Colorado Public Radio spoke with climate researcher Brad Udall, who cautioned against getting too excited by the results of one winter after more than two decades of megadrought. “We would need five or six years at 150% snowpack to refill these reservoirs, and that is extremely unlikely.”
HAVE YOU HEARD? Our Land Bulletin Podcast recently delved into the topic, Renewable Energy As a Layered Asset. Learn more about that possible revenue stream and consider checking out other podcasts such as How Do We Know What A Ranch is Worth? and Ranch Marketing 101. Listen now.
GOING DOWN: Cattle inventories are at historic lows and will drop more. James Mitchell, a livestock economist for the University of Arkansas System Division of Agriculture, recently told Talk Business & Politics that the combination of drought and a hay shortage in 2022 resulted in many ranchers deciding to liquidate herds. “Have we found the bottom? No,” Mitchell said. “It will be 2025 until we see any significant expansion on a national level. I don’t think people are quite done selling cows.”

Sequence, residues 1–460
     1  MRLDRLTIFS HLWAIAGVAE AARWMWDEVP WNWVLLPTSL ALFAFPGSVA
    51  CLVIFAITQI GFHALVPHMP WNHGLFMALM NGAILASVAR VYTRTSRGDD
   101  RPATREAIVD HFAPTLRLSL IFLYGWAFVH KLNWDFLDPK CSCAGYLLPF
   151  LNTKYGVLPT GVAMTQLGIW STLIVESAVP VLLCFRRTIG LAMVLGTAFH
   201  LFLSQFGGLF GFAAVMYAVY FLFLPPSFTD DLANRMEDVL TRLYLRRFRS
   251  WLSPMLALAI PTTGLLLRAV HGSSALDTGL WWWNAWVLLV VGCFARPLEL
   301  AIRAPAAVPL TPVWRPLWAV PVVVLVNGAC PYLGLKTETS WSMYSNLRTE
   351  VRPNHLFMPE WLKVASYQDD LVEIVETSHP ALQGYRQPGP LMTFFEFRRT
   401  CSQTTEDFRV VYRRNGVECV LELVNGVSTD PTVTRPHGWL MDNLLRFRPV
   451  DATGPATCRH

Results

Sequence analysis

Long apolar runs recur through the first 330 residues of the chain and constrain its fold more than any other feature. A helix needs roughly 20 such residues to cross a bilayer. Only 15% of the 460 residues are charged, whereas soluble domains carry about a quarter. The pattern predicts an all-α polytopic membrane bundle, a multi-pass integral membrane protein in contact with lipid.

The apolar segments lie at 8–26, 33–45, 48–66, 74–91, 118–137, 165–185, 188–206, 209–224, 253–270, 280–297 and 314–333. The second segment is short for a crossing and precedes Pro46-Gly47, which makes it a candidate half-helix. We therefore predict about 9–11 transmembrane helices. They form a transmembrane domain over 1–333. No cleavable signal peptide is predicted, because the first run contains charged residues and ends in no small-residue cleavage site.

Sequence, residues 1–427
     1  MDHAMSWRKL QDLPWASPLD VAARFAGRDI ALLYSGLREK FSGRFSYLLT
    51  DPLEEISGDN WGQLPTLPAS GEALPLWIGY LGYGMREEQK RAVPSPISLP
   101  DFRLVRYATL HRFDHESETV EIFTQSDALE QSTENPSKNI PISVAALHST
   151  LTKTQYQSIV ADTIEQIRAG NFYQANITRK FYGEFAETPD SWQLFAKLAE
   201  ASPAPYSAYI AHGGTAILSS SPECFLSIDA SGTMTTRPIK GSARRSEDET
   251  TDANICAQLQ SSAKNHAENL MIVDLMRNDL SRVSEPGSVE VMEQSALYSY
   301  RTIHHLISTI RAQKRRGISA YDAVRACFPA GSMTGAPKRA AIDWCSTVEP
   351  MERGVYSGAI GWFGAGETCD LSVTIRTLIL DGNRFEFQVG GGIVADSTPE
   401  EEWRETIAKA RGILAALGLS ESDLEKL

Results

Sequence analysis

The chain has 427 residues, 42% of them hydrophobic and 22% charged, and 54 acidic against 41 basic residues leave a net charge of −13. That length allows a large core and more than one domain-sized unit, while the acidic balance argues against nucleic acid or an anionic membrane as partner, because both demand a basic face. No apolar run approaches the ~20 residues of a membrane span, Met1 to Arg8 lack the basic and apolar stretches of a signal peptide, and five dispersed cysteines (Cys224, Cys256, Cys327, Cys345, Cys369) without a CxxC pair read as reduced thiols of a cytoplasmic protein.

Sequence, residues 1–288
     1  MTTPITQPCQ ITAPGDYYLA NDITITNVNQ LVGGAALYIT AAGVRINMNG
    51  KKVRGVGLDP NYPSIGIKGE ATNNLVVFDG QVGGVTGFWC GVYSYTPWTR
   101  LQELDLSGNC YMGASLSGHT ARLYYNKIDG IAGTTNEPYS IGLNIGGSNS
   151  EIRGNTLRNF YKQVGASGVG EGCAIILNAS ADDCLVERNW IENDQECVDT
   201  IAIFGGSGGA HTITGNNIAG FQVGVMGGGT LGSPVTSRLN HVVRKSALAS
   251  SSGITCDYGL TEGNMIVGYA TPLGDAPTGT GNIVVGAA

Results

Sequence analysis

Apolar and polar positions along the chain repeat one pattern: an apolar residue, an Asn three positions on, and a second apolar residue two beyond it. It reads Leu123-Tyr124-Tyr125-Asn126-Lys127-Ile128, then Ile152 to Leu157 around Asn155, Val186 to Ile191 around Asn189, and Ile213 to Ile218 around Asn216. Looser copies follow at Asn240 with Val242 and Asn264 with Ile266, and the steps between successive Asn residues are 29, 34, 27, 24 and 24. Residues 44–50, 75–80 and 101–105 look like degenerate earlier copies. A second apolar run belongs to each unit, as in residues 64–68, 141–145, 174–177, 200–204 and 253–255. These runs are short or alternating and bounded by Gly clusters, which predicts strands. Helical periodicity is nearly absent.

MUSSEL WORK: You might say ‘It’s just one tiny mussel.’ But an aquatic biologist will tell you that’s a big deal in the West – as in, it will take five years of work before they can declare the Colorado reservoir where that mussel was found clear of the threat posed by this highly invasive species. Read more.
Lay of the Land is a monthly column by Ken Mirr, the Founder and Managing Broker of Mirr Ranch Group, that highlights news of the West impacting the ranch lifestyle. Have a question about the West? Email him at Ken@MirrRanchGroup.com.